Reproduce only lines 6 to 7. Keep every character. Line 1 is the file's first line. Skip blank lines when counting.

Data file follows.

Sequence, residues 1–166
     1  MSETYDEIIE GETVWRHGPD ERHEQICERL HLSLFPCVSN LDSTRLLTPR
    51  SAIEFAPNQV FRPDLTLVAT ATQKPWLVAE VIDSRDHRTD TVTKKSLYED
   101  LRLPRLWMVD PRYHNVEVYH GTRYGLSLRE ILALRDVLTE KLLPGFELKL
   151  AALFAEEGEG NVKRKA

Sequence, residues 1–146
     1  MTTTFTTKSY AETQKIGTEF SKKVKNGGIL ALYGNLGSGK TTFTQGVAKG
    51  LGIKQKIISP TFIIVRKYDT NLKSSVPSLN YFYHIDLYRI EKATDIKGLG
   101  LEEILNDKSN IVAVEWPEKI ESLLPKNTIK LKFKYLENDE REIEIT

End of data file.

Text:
Sequence, residues 1–146
     1  MTTTFTTKSY AETQKIGTEF SKKVKNGGIL ALYGNLGSGK TTFTQGVAKG